Rollbar A mechanical link between the left and right suspension components, to equalise wheel travel on both sides. A soft rollbar decreases understeer, decreases cornering speed, but preserves the tyres.

Skirt. A device for bridging the gap between a vehicle's sides and the ground for the purpose of controlling the airflow under the car, and sealing it from the flow outside. Pioneered by Lotus in 1978, but now banned. See aerodynamic essay for development information.

Splitter. A generally flat, horizontal, forward-protruding extension to the underbody.

Streamlined. Having a smooth even shape that offers the least resistance to movement through the air

Traction control. A means of electronically reducing the power to the driving wheels, to minimise wheel-spin, and maximise traction. This is usually done by matching the speed of the rear wheels to that of the front wheels by reducing the voltage to the spark plugs.

Tight. See understeer.

Underbody. General term for the underside of a competition car.

Understeer. Occurs when the wheels are turned, and the car does not turn at the same rate. Causes the front of the car to take a wider apex than the driver's steering lock requires. Also called push, or tight in the US. Can be corrected by adding more front downforce, sofening springs and rollbar, or reducing front tyre pressure. Extreme conditions cause a car to go straight on instead of turning for a corner.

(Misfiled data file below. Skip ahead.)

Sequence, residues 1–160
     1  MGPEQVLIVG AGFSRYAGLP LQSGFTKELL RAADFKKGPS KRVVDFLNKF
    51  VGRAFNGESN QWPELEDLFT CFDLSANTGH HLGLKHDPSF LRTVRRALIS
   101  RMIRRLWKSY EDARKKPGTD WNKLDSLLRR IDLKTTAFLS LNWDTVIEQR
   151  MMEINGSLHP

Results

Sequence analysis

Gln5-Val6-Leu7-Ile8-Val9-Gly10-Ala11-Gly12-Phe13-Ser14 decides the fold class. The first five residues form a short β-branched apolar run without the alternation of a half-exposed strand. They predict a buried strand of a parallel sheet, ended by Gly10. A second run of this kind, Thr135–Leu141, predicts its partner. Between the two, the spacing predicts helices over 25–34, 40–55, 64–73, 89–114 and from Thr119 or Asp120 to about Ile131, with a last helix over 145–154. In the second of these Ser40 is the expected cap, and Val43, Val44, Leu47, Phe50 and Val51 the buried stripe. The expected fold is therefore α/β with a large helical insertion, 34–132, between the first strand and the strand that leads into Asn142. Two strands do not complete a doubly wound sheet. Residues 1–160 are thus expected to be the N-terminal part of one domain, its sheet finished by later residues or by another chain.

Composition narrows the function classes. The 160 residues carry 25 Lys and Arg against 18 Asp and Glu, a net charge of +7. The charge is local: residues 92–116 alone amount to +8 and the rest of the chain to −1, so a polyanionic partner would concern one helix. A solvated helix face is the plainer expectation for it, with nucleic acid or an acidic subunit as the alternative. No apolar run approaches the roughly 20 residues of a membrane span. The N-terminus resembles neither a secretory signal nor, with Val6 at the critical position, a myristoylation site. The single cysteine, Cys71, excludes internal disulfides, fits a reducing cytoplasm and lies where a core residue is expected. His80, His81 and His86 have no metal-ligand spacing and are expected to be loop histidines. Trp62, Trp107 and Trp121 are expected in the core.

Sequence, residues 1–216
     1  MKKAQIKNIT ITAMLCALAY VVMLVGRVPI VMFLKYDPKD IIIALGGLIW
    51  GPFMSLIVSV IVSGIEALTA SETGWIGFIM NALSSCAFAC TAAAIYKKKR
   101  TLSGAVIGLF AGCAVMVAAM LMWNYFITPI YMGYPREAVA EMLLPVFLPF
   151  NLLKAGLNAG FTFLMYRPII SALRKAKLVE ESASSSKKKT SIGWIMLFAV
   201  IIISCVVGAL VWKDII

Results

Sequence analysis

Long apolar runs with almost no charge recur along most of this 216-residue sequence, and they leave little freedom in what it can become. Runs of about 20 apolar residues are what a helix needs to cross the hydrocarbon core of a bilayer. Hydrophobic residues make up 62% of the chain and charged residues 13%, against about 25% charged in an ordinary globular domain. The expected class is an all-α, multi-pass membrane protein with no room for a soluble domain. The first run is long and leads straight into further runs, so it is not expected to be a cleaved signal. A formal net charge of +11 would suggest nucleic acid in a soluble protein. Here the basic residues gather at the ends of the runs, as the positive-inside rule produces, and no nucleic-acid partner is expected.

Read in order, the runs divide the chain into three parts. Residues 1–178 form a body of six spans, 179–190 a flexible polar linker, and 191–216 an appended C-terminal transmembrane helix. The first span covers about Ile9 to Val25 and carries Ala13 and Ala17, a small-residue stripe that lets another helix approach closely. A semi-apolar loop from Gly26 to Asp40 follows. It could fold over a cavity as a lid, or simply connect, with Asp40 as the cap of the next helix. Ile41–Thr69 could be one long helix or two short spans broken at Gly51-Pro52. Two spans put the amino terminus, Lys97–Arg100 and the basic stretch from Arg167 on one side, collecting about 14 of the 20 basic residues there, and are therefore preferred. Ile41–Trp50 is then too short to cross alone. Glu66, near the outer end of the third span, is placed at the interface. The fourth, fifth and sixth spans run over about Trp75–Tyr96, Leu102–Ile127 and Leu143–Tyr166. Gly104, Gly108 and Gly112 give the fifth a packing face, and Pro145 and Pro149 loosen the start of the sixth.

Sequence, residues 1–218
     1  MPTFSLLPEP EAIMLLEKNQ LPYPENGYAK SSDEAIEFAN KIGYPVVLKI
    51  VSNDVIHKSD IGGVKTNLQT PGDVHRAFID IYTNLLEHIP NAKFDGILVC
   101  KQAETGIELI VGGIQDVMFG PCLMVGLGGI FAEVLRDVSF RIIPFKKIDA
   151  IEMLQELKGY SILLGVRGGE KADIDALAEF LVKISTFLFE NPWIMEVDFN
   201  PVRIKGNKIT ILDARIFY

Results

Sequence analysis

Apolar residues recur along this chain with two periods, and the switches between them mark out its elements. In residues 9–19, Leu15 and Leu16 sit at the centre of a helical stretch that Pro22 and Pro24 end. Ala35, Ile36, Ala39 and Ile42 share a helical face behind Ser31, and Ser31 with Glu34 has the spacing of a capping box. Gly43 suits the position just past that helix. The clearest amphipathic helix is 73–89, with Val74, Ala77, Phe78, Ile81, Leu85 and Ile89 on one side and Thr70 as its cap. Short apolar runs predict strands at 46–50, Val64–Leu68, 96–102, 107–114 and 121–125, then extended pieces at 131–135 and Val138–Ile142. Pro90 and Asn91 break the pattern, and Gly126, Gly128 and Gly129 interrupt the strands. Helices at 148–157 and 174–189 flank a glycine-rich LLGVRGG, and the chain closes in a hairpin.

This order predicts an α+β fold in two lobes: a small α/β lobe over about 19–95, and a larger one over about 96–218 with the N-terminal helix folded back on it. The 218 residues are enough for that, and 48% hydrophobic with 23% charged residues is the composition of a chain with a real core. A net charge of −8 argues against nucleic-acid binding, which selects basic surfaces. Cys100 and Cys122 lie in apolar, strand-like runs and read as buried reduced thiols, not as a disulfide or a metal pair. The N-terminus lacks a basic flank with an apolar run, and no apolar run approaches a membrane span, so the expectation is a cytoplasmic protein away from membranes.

Vortex. A rotating motion in a parcel of air. Can be seen as 'whisps' of air coming from the top, outer edge of the rear wing in humid conditions.

Wing. In motorsport, a synonym for aerofoil. Shaped like and aircraft wing, and attached to a sprung part of the car upside-down for creating downforce and displaying sponsors names!
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Last modified: 7 Jun 2005 - 19:46:37